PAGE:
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GP partner earnings 'increased by almost 2%', Government statistics claim

GP partner earnings increased by nearly 2% in 2014/15 to £101,500, official Government statistics have indicated.

However, today’s data publication from NHS Digital says the income of salaried GPs went down during the year, by almost 2% to £53,600.

GP leaders warn that the overall increase in partner earnings reflect the decrease in GP numbers, meaning that the partners left are having to do more work for the same pay.

The data shows:

  • GP partners had an average income of £101,500 in 2014/15.  This is an increase of 1.7% on their income of £99,800 in 2013-14;
  • The average income for all GPs (including partners and salaried) was £90,600, only a slight change on the previous year’s figure of £90,200;
  • GPs working in a GMS practice had an average income of £98,000 compared with £96,000 in 2013/14 - a 2.1% increase;
  • GPs working in a PMS practice had an average income of £108,000 compared with £106,800 in 2013/14 - a 1.2% increase;
  • The average income for salaried GPs in the UK in 2014/15 was £53,600 - a decrease of 1.7% on the 2013/14 figure of £54,600 in 2013/14.  

The report says that GMS and PMS GP partner gross earnings were, on average, £283,300 in 2014/15, up 3.6% from the year before, while the average total expenses were £181,800 - an increase of 4.6%.

The proportion of gross earnings taken up by expenses increased by 0.7 percentage points to 64.2%.

Broken down by country:

  • English GP partners saw a 1.9% increase in income before tax;
  • Scottish GP partners saw a 1.1% increase;
  • Welsh GP partners saw a decrease of 0.3%;
  • Northern Irish GP partners saw a 2.1% increase.

Dr Robert Morley, GPC contracts and regulation subcommittee chair, said: ’The figures may be accurate but any increase in partner earnings simply reflects the fact that there is a decrease in the number of partners out there and workloads are going up.

’If the number of GP partners had remained static we would have seen a massive decrease in profits.

‘The issues determining partner profit are hugely complex, there are so many variables but again, any increase will not even get close to offsetting the massive increase in workload and stress that partners are facing.’

The data takes into account all medical income, including both NHS and private work, and is before employers’ superannuation costs - as well as CQC fees, GMC fees and the like - are taken into account.

A GPC spokesperson said: 'The figures for contractor GPs show a very marginal average increase that is unlikely to be felt by many GPs. It comes after a decade of falling GP contractor income which has been squeezed by rising practice expenses and inflation at the same time as GP workload has spiralled to unmanageable land unsafe levels.

’The figures relating to salaried GPs need to be interpreted with caution as this report does not make adjustments for any change in the average number of hours worked by the GPs in the cohort included compared with previous years. GPC is not aware of any salaried GPs who have made no changes to their working arrangements but experienced a reduction in their pay.’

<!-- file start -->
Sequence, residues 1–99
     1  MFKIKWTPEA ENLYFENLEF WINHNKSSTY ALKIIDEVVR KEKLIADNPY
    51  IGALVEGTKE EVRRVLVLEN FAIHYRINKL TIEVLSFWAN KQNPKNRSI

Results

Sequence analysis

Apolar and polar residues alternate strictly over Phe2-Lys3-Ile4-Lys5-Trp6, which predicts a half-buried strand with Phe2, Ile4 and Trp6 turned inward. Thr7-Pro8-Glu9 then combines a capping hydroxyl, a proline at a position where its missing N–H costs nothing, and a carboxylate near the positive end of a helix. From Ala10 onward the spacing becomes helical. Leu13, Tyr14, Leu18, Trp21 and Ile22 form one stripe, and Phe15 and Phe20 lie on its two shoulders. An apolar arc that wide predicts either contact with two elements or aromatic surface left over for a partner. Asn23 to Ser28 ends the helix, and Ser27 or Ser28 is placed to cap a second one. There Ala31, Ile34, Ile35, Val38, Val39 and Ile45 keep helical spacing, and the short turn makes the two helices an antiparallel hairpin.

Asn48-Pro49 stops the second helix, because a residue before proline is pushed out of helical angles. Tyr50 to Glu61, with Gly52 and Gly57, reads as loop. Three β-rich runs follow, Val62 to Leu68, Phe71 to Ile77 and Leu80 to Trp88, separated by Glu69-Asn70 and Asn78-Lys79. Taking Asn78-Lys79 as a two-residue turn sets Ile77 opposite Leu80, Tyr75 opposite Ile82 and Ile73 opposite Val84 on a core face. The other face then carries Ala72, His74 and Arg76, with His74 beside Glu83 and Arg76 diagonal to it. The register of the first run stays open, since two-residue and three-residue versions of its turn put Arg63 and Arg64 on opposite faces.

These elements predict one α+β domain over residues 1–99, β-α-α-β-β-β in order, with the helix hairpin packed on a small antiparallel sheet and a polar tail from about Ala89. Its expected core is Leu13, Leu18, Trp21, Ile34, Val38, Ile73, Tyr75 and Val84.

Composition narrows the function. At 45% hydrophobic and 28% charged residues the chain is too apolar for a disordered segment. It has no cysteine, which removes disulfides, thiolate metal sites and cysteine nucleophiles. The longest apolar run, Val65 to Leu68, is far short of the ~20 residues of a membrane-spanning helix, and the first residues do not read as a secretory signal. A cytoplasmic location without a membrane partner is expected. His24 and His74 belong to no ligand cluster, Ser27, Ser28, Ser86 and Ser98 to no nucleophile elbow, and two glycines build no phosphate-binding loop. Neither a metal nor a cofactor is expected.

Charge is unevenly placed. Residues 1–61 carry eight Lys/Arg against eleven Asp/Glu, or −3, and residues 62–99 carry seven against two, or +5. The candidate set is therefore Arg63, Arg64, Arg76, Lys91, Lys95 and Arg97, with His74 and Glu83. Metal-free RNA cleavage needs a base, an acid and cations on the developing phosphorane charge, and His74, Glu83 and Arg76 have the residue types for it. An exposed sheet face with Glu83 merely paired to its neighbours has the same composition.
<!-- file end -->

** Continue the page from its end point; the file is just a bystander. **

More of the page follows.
Readers' comments (33)

  • Average income statistics mean absolutely NOTHING.
    According to the government, the average person in this country earns £28,600 (Sept 16 stats exc LW), so General Practice pays the vast majority of its non-clinical staff significantly less than the national average.
    In fact most of the service people that you run into on a daily basis are getting less that this supposed average.
    So when looking at average GP earnings you are comparing practices with a profit of around £9 per patient per annum with some having figures well in excess of £120.
    There is NO SUCH THING AS AVERAGE.
    I am sure my GPs would love to be earning more than they did last year. Instead they are working longer hours, see significantly more patients, being expected to juggle meaningless bureaucracy with meaningful quality care on a daily basis. It is enough to make one's blood boil...

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  • 1.9% increase ha ha. Wiped out by tax and the fact that the APMS next door closed its doors handing back their enhanced payment contract for us to mop up without the added financial incentives. Our list has increased by 20%, swollen by patients considered complex and in need of a dedicated GP ( years of benzos and getting whatever they wanted with uncontrolled chronic diseases hence the APMS ). Workload now pretty intolerable the increase in income with the list size goes nowhere near making me happy about my impending nervous breakdown.

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  • It does not come close to the figure for REAL inflation . CPI is a crudely manipulated figure to trick us into thinking we're doing ok.

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